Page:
Please spare us the suffering. God’s place is not in the Constitution. It is in our hearts. God gently steers us in the right direction, not coerce us on it. The path to salvation is a personal choice, not a national policy.

Khaled

2 comments:

  1. Is America a Christian nation? I certainly hope not; if it is, I'm in a world of trouble. Far from being Christian, I'm not even as close to Christianity as a Muslim is. Usually, I define myself as an agnostic; occasionally, if I'm feeling particularly introspective, I may define myself as a metaphorical pagan pantheist. (What this means is that I recognize that there is a pantheon of ideals that I consider worthy of worship, ranging from love to honor to knowledge and beyond, and I recognize that it can make for an easy shorthand to define each of them as a "god", and attach the old pagan names for those gods to them, so I might say that I worship Aphrodite. That doesn't mean that I believe that there is an actual anthropomorphic entity who I am worshiping.) As you can see, I'm even forther out of a Christian mainstream than a Muslim is.

    But beyond the fact that it would be particularly bad for me, I oppose the idea that this is a Christian nation for the simple reason that it would be bad for EVERYONE, even the Christian majority. Because once you establish the principle that the country can have an official religion, it won't stop at "Christianity"; you will then have to decide which BRANCH of Christianity is the official religion, and soon our country will look like Europe during the reformation: sects fighting for control and whichever sect is currently on top persecuting all of the other sects in order to keep them from having the chance to gain enough strength to reverse the situation. And even whichever sect wins out in the end will be so weakened by the fight that our country will not have the strength to defend itself from OUTSIDE enemies.

    This is NOT a good idea.

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  2. lloyd ("the sloan ranger")January 26, 2008 at 8:55 PM

    Khaled,
    I am in total agreement.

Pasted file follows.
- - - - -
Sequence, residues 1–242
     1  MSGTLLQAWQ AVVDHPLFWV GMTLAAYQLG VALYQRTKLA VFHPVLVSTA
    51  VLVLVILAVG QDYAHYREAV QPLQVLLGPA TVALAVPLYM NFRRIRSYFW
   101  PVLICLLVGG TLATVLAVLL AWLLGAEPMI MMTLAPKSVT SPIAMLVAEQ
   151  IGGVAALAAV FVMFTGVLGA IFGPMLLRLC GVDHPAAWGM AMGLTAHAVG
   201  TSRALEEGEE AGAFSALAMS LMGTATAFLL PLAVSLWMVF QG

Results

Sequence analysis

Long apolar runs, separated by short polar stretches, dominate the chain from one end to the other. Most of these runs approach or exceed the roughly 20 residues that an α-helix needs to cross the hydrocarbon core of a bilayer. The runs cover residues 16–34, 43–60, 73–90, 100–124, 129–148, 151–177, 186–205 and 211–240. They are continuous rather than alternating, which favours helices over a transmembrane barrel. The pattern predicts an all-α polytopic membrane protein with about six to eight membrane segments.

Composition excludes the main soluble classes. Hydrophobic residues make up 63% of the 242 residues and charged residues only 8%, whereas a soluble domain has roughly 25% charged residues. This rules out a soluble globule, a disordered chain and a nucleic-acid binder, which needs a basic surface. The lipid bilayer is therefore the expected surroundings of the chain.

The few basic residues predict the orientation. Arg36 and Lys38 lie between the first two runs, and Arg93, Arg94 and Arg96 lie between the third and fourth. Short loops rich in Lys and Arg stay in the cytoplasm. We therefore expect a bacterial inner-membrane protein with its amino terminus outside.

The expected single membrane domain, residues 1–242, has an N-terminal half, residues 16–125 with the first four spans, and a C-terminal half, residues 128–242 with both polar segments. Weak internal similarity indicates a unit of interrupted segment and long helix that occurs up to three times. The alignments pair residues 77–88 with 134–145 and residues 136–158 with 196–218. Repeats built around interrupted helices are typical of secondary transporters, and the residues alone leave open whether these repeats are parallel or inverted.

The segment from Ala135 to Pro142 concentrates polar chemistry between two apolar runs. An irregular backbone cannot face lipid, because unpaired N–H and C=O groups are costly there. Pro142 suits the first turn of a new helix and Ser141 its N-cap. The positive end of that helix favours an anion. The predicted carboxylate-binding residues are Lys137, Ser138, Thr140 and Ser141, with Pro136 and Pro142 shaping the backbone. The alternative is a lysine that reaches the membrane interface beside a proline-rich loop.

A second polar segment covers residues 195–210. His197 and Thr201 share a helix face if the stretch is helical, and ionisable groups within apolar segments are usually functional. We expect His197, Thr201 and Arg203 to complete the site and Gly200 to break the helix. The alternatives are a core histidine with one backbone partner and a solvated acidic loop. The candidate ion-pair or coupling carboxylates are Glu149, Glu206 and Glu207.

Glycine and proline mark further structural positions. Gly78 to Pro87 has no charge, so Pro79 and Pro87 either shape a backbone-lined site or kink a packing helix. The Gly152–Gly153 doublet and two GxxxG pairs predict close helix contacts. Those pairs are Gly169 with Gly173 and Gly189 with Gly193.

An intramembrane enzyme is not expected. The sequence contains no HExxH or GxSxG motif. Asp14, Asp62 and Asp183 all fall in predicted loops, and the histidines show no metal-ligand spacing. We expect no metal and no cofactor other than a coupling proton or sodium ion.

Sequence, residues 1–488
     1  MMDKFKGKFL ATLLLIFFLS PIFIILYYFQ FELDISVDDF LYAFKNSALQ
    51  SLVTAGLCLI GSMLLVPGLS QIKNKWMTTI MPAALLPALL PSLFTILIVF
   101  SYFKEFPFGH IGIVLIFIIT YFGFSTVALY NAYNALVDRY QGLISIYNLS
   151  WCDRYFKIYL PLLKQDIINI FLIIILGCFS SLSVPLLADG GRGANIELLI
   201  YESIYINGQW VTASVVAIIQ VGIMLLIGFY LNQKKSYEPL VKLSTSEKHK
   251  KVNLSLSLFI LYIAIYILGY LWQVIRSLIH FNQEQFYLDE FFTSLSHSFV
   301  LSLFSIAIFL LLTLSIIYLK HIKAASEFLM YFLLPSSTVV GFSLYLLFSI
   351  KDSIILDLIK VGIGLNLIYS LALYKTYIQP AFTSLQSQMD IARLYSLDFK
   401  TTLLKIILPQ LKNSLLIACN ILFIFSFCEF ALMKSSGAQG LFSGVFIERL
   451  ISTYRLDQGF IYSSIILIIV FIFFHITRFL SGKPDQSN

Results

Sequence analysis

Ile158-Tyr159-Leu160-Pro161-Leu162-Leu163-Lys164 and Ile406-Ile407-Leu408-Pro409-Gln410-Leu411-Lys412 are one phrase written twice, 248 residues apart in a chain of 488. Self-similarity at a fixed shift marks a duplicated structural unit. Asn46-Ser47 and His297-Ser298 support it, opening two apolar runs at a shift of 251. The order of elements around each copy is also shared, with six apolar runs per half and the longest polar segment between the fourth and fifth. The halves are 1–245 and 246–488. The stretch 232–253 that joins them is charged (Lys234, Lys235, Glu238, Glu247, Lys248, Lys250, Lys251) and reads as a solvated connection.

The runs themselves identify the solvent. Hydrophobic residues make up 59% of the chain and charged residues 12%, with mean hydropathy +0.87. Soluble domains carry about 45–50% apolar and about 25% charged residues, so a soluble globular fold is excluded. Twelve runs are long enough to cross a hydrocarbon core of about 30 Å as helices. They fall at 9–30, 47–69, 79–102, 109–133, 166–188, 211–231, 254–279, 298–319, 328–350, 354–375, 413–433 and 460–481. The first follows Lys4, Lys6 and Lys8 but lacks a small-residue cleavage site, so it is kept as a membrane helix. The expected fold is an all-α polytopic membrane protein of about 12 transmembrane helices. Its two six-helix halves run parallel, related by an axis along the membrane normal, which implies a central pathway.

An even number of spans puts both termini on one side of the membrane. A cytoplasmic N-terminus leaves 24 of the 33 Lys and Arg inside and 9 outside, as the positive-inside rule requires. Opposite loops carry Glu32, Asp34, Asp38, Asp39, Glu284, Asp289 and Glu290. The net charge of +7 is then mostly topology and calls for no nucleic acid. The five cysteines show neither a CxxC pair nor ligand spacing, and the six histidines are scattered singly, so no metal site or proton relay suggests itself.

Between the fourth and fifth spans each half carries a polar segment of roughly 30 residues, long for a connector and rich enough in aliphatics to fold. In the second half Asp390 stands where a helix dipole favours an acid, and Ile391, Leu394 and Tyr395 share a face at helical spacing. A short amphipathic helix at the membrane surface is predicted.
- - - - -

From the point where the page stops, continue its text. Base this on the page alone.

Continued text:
Frankly, a "bible-based constitution" is a betrayal of BOTH the constitution AND the bible.

    Let me first quote the constitution:
    Article VI "no religious Test shall ever be required as a Qualification to any Office or public Trust under the United States."

    Mike Huckabee's sentiments may be well-intended, but they are profoundly ignorant and misguided.
    Has he even read the constitution? What does he think Article VI means?

    America's founders were christians, and they believed religious freedom was a duty to God.
    To them, Article VI is an affirmation of God.

    Don't take it from me. Take it from Thomas Jefferson.

    "Whereas Almighty God hath created the mind free;
    that all attempts to influence it by temporal punishments or burdens, or by civil incapacitations, tend only to beget habits of hypocrisy and meanness, and are a departure from the plan of the Holy Author of our religion, who being Lord both of body and mind, yet chose not to propagate it by coercions on either, as was in his Almighty power to do; . . .
    that to compel a man to furnish contributions of money for the propagation of opinions which he disbelieves, is sinful and tyrannical; . . .
    that our civil rights have no dependence on our religious opinions, any more than our opinions in physics or geometry;
    that, therefore, the proscribing any citizen as unworthy the public confidence by laying upon him an incapacity of being called to the offices of trust and emolument, unless he profess or renounce this or that religious opinion, is depriving him injuriously of those privileges and advantages to which in common with his fellow citizens he has a natural right; . . .
    Section 2.
    Be it therefore enacted by the General Assembly, That no man shall be compelled to frequent or support any religious worship, place or ministry whatsoever, nor shall be enforced, restrained, molested, or burthened in his body or goods, nor shall otherwise suffer on account of his religious opinions or belief; but that all men shall be free to profess, and by argument to maintain, their opinions in matters of religion, and that the same shall in no wise diminish, enlarge, or affect their civil capacities."

    The Virginia Statute of Religious Freedom, enacted 1786
    originally drafted by Thomas Jefferson in 1777

    I'm with Jefferson,
    --lloyd ("the sloan ranger")